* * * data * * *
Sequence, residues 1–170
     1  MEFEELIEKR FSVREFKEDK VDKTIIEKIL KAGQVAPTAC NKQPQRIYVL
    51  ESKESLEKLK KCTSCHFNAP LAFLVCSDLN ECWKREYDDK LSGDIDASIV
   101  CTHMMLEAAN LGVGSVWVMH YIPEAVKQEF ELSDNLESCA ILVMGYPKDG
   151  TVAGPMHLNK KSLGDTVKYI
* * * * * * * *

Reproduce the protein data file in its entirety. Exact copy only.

Sequence, residues 1–170
     1  MEFEELIEKR FSVREFKEDK VDKTIIEKIL KAGQVAPTAC NKQPQRIYVL
    51  ESKESLEKLK KCTSCHFNAP LAFLVCSDLN ECWKREYDDK LSGDIDASIV
   101  CTHMMLEAAN LGVGSVWVMH YIPEAVKQEF ELSDNLESCA ILVMGYPKDG
   151  TVAGPMHLNK KSLGDTVKYI